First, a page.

• Wendy, my dear friend-across-the-miles, what lovely messages you write. I always look forward to them! I so appreciate your thoughtfulness. I realize just now that I never thought to ask Momma whether our New Year’s Eve tradition was something she learned from her mother or whether it was simply something wonderful she dreamed up on her own; I only know I treasured those magical moments. Thank you for sharing them with me here. Much love and many blessings to you in the New Year! xoxo

    • Dear sweet Ellen, you are more than welcome. I love sharing them with you. I hope you’re nicely settled in your new home now. Cannot wait to see what starts popping up in your gardens this spring! Please do post some photos! Wishing you a bright and bountiful New Year! Much love and many hugs~ ❤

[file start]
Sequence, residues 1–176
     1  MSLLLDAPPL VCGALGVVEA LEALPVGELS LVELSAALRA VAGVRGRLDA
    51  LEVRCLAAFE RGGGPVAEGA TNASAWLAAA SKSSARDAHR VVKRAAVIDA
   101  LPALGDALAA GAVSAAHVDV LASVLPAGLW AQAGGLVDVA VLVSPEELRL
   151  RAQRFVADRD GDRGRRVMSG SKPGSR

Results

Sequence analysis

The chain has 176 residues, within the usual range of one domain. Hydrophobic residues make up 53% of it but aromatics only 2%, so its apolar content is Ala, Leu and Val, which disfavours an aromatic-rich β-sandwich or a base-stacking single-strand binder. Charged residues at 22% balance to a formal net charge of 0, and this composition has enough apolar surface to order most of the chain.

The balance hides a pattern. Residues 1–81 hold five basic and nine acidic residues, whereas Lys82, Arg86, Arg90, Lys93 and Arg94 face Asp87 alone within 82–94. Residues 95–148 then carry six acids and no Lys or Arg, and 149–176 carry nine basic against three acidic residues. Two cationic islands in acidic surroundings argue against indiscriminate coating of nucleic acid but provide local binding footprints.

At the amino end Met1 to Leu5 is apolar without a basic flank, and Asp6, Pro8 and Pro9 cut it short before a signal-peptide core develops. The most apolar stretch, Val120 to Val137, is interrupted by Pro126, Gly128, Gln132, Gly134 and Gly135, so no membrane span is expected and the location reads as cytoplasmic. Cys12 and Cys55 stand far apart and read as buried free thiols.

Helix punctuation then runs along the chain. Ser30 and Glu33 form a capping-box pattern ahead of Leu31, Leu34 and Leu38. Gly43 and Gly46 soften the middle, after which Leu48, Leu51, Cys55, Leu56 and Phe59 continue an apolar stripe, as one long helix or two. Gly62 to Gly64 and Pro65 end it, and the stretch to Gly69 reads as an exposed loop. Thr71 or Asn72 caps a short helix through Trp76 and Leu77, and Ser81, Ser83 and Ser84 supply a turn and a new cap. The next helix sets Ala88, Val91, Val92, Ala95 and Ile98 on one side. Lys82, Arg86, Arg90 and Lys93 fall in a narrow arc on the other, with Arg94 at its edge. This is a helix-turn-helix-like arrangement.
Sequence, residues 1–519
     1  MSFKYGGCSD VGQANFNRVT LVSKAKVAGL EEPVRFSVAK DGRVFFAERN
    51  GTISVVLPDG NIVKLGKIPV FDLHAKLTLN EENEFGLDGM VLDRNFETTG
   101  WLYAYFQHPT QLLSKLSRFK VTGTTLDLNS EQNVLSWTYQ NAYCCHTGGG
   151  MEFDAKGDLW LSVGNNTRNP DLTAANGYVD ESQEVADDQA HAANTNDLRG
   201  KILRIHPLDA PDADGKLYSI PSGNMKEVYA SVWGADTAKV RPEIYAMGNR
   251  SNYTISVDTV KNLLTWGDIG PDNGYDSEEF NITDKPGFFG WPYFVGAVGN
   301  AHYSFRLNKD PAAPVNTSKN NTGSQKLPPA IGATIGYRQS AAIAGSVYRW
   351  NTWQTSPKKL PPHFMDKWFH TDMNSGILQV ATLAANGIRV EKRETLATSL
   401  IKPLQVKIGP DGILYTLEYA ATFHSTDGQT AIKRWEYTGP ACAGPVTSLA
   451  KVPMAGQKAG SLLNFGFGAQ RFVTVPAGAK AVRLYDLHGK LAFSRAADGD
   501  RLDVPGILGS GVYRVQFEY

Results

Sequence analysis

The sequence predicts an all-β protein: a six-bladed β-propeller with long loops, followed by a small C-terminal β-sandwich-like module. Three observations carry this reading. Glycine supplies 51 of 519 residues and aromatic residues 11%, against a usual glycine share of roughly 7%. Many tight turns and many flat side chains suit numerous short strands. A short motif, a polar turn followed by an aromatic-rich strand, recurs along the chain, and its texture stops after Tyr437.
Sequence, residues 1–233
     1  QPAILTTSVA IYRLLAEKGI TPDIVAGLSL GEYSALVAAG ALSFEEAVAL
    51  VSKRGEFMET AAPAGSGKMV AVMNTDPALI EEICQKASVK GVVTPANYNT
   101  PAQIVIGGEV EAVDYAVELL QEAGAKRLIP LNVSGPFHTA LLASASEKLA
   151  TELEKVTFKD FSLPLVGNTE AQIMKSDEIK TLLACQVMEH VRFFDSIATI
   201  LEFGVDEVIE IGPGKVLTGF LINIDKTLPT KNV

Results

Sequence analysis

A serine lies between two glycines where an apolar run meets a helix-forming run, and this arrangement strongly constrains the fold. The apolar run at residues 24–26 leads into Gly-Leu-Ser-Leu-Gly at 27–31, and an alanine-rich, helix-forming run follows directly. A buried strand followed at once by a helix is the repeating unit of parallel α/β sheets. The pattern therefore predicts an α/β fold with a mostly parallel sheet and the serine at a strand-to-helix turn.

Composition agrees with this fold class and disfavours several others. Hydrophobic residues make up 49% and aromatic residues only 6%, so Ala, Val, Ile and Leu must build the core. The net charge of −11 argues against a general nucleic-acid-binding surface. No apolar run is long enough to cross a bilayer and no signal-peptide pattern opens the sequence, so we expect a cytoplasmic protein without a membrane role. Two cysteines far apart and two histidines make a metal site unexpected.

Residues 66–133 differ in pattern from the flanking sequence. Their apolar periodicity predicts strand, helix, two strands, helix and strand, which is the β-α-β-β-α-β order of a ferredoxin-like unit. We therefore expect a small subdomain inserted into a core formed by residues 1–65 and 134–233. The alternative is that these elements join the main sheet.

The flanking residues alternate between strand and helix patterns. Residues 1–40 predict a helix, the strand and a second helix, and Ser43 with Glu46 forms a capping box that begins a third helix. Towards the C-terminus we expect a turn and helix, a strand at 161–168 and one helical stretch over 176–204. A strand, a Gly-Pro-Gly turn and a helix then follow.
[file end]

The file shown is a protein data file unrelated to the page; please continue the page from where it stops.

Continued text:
3. Dear Amy, thank you for generous gift of allowing us to enter into your enchanting snow-globe childhood world. I adore your mother for giving you that beautiful ritual of closing out the old year, and opening the new to greet the “wild, wondrous” world. Thank you for opening your world, and gracing us with your beautiful writing, your generous heart and gentle spirit. I envision that adorable little girl, now in her older self, opening the door–knowing that she will soon walk again, touching the soft earth beneath her bare feet, as she walks into her star-strewn path– healthy and healed.

    • Maude, your kind words here brought tears to my eyes. Thank you for your willingness to stand at the threshold between my past and my present, offering healing words of love and understanding. Your friendship is both a gift and a special blessing… Wishing you and your loved ones every good thing in this fine new year that stretches out before us. Much love to you, dear soul. xoxo